Acts 9: 21- 36 / Ps 22: 26-27, 28, 30, 31-32 / 1 Jn 3:18-24 / Jn 15:1-8
The last conversation I had with my grandmother before she passed away was a simple one. My grandmother, who had very severe dementia, kept asking my brother and I “what do you want to be when you grown up?” Since I was only in 7th grade I didn’t know what I wanted to do with my life, so my brother and I would tell her that we did not know, to which she would respond “you can be whatever you want to be when your grow up.” Due to her dementia, we must have had that conversation 50 times in a row, and while I’m sure it wasn’t her intention, that conversation forever drilled into my mind, the important lesson of the American dream, the belief that this country affords anyone who works hard enough the opportunity to succeed. While the American dream is one of the things that makes our country great, as with anything, if it is abused, it can lead to the deadly conclusion that each of us has the power to pull ourselves up by our bootstraps and succeed simply by ourselves.
Today’s parable of the vine and the branches warns us against taking the American dream to the extreme, by being so overly independent that we reject the help of others. There simply is no room in our faith for believing that we can achieve our eternal reward by earning it on our own, after all our Lord is clear in today’s gospel when He says “without me you can do nothing.” It is really quite simple, “a persons development is compromised if he claims to be solely responsible for producing what he becomes.” The problem with taking the American dream and making it a spiritual principle is the American dream promises worldly success, but if we want heavenly success we need the help of those who have already obtained their heavenly reward. I think all of us are pretty good at falling to our knees when things go bad; we turn to the Lord in times of illness or difficulty, but do we really believe that without Jesus we can do nothing. How often do our lives proclaim “without my work ethic, talent, money etc. I can do nothing.” When we fall into the trap of making the American dream a spiritual principle do we not say that we don’t need a savior? Do we not then say we don’t need Jesus?
My friends, it is in our sinfulness, our poverty and our failures that we find space to hear God. How often do we grow closer to Him when we find ourselves against the wall? Is it not true that “God makes use of evil in such a superb way and with such skill that the result is better than if there had never been evil.” Is it not when we face our greatest difficulties, when we find ourselves helpless and left with no other option that we often realize we are not in control and turn to God?
Every time I go to Washington DC, I meet a friend of mine who works at the Pentagon for breakfast and then I ask him to take me to the Pentagon’s Hall of Hero’s. I have visited that wall more times than I can count, but every time I visit I find myself standing there in awe. There is something about that wall that for me defines the true American dream. Every time I stand their I cannot help but be thankful that these true American heroes understood that the true American dream is not about one’s own individual strength, but rather about persevering when their back was against the wall, so that a greater good could come from the great evil and difficulties they faced. Did you know that since the Civil War only three US military chaplains have won the Medal of Honor and all 3 of them are Catholic priests. I can’t say that surprises me, because as Catholics we know that God is present in the midst of our greatest difficulties and struggles so as Catholics even when things are at their darkest, we have hope, and uniting ourselves ever more closely to our Savior, without whom “we can do nothing,” we should find the strength to push on in complete trust and abandonment to the Father.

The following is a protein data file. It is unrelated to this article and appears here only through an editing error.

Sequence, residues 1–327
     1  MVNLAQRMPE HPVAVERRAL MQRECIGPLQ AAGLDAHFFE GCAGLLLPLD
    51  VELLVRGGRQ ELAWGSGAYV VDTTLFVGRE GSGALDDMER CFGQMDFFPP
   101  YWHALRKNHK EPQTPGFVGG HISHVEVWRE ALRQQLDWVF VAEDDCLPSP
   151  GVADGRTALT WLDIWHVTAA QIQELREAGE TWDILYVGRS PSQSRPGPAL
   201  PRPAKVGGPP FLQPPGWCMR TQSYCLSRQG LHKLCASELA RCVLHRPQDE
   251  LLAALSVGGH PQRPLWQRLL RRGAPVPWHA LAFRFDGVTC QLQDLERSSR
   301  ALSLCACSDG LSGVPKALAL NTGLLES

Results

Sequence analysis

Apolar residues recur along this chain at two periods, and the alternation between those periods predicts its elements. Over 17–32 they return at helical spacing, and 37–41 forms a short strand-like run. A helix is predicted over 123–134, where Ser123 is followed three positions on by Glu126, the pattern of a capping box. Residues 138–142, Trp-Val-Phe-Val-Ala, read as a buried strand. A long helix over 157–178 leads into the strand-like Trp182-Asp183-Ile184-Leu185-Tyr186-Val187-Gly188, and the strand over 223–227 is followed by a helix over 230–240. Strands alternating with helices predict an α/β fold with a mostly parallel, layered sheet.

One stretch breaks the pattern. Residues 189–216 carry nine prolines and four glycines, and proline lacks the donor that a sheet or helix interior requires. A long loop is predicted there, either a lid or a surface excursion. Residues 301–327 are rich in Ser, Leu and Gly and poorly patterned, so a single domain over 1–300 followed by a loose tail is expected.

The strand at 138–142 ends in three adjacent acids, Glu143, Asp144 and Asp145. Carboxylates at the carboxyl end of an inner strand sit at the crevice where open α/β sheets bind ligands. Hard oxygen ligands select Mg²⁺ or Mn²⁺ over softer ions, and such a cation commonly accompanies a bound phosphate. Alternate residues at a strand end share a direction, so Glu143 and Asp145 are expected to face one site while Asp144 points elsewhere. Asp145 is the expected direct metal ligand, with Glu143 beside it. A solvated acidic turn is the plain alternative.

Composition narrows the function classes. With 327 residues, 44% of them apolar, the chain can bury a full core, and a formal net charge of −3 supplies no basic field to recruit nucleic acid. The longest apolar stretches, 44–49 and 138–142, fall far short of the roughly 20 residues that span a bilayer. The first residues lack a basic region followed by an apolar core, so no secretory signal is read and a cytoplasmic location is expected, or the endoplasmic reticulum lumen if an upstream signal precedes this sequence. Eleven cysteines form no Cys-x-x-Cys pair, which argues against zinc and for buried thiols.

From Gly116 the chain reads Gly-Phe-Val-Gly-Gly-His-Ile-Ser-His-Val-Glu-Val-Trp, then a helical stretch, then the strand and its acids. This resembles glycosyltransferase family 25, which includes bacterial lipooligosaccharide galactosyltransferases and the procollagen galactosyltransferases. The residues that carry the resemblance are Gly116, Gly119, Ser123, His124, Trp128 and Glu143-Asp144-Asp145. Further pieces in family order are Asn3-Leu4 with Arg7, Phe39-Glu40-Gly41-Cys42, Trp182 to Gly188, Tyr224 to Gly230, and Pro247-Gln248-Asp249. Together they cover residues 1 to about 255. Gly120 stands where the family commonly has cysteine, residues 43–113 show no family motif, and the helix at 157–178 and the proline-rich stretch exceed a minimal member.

One aspect of becoming a Christian, one aspect to abiding in Christ, is having to “leave behind what everyone else thinks and wants, the prevailing standard, in order to enter the light of the truth of our being and aided by that light to find the right path.” We must remember “holiness does not stem so much from the effort of man’s will, as from the effort to never restrict the action of grace in one’s own soul.” Jesus’ parable of the vine and the branches is a stark reminder to us that “Jesus always has victory when He has your abandonment He needs nothing more than that to bring about the Divine wonders that His Heart has prepared for you from all eternity.” Regardless of where we are experiencing pains, sufferings, or weaknesses, we must allow faith, hope and belief to enter into that darkness, remembering that without Jesus we can do nothing. God truly uses those moments of weakness in our lives to call us to abandon ourselves to Him, so that being grafted onto Him we will bear heavenly fruit. May we never forget that “the Lord does not disappoint those who take this risk; whenever we take a step toward Jesus, we come to realize that he is already there waiting for us with open arms.”
 Cardinal Ratzinger. Encyclical Letter Caritas in Veritate. Washington DC: US Conference of Catholic Bishops. (2009). par. 68
 Wilfrid, Stinssen. Into Your Hands, Father Abandoning Ourselves to the God Who Loves Us. San Francisco: Ignatius Press 2011. pg 15.
 Joseph Cardinal Ratzinger. Jesus of Nazareth Part II. San Francisco: Ignatius Press,2011. pg. 67.
 Karol Wojtyla. The Meaning of Vocation. United States: Scepter Publishers, 1997. pg. 10
 Fr. Jean CJ D’Elbee. I Believe in Love. Manchester: Sophia Institute Press. (2001.) pg. 89.
 Evangelii Gaudium pg. 1.